I removed the protective grille over the fan and found the motor free to turn - maybe a bit too free. The colour of the oil - a sort of pinky brown reminiscent of Humbrol "Track Colour" enamel paint if you're into modelling - was certainly not a good sign and clearly there was a percentage of water - which may of course be coolant leaking in through the valve. There wasn't much more to be done as removing the fan from the motor requires a special puller which Andrew was bringing back with him from the Peterborough direction. Instead I opted to do a couple of maintenance jobs on the 110V transformer and grinder that were long overdue.

Andrew wanted an early start on Sunday but fortunately not as early as all that. We made a start on 14901 by removing the fan cover plate, cleaning out the threads and fixing the puller in place. Andrew then applied torque until the puller bowed a bit but the fan stayed put. In the end I boiled a kettle in the mess room, and the dose of hot water did the trick. Off came the fan.

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We had been warned that the plate underneath tended to retain rainwater and it was practice at such places as Corby to drill drain holes. Sure enough, the motor was sat there in something reminiscent of a bird bath and first job was to drill a pilot hole through the water and slime to start draining it. Opening up this hole to a more effective diameter though was not succesful, as having drilled a small hole we were unable to find it again amid the sludge! In the end we left it to drain itself while we had a bite of lunch.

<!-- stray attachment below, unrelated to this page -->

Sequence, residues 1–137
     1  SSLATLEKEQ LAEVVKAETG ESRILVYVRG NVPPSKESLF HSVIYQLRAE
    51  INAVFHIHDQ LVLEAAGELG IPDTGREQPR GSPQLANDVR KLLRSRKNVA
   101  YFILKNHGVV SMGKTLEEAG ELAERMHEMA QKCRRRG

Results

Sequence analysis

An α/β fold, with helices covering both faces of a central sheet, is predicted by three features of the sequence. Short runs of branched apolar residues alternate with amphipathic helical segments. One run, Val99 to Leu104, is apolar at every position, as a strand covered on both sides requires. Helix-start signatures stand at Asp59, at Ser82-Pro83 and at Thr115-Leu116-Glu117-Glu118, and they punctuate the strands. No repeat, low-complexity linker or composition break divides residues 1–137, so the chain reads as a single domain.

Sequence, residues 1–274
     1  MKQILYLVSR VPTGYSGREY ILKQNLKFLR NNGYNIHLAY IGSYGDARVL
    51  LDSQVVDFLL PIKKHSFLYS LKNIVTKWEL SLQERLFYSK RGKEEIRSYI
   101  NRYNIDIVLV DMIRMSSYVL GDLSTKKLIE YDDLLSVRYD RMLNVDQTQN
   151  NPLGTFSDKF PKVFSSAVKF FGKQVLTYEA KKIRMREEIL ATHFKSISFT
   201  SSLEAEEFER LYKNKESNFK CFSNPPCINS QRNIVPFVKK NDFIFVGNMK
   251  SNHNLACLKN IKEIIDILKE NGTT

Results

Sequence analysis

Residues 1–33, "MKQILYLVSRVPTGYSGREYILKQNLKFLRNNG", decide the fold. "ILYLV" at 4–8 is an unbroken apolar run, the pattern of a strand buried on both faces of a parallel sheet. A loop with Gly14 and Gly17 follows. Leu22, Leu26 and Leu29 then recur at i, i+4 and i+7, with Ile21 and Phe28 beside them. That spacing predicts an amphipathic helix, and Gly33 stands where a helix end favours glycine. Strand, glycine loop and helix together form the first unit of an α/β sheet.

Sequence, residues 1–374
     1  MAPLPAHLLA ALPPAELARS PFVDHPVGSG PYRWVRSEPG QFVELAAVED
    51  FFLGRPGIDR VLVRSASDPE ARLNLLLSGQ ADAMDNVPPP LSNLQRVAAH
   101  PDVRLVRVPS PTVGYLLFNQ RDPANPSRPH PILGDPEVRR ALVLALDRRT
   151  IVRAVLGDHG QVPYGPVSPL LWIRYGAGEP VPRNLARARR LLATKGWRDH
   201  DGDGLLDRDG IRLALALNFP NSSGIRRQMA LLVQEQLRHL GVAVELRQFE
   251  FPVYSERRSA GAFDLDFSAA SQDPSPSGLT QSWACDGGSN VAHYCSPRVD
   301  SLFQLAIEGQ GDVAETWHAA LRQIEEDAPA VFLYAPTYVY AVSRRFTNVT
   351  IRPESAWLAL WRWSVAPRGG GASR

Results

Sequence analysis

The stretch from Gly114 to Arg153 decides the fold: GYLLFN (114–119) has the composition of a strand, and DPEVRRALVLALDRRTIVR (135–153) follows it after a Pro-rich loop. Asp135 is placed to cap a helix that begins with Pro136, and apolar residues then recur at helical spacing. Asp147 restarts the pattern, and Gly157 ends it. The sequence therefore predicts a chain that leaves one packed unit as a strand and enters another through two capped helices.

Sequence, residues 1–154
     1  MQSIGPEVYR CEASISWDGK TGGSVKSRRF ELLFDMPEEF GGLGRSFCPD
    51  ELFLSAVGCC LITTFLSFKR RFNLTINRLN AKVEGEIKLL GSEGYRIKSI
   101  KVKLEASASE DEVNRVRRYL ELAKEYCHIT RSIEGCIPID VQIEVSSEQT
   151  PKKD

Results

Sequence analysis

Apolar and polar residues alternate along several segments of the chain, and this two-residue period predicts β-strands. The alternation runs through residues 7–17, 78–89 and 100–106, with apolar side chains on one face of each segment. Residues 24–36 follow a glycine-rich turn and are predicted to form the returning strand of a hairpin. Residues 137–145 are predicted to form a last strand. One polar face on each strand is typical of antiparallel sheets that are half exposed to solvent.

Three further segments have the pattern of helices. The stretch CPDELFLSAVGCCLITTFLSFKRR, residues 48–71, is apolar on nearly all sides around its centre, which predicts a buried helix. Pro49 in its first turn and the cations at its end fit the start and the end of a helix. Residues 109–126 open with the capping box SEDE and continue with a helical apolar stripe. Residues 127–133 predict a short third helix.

The reservoir for this hydraulic system is a peculiar beast, compartmentalised to prevent oil being drawn straight back around (and aerated to boot) so draining it involves not one but two drain points, and one of course is inaccessible so when you succeed in removing the drain plug the freed oil is likely to ricochet of numerous underparts of the loco. But a strategically placed funnel, and our normal washing up bowl on the track underneath (with me alongside it ready to redeploy dependent on final trajectory) and down it all came with very little spillage, if any. The pipe connections on the Serck side are all Ermeto which gave us a bit of a fight but before too long a very woebegone looking motor was out and I was opening up the drain hole and adding a couple more for the future.

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During the week that nice Mr Booth had dropped off a skip and I had already contributed all the steel bits from the gas cooker at Briddon Towers. Andrew had a quantity of bits sat on the German flat, plus a large radiator and oil cooler which had defeated earlier attempts to dismantle. Today I was delegated to attack it with the trusty grinder, and later Andrew and Pete Waller - the latter demonstrating his extensive and hitherto unrevealed skills as a sorter and extricator of different metals (he once worked in a scrap yard) - aided us in releasing the steel top and bottom tanks from the more valuable tubes and regaled us with tales of stripping cars down with nothing more than a Stanley Steelmaster axe. He left us saying that the tubes would easily fit in the van - they did, but hardly anything else could.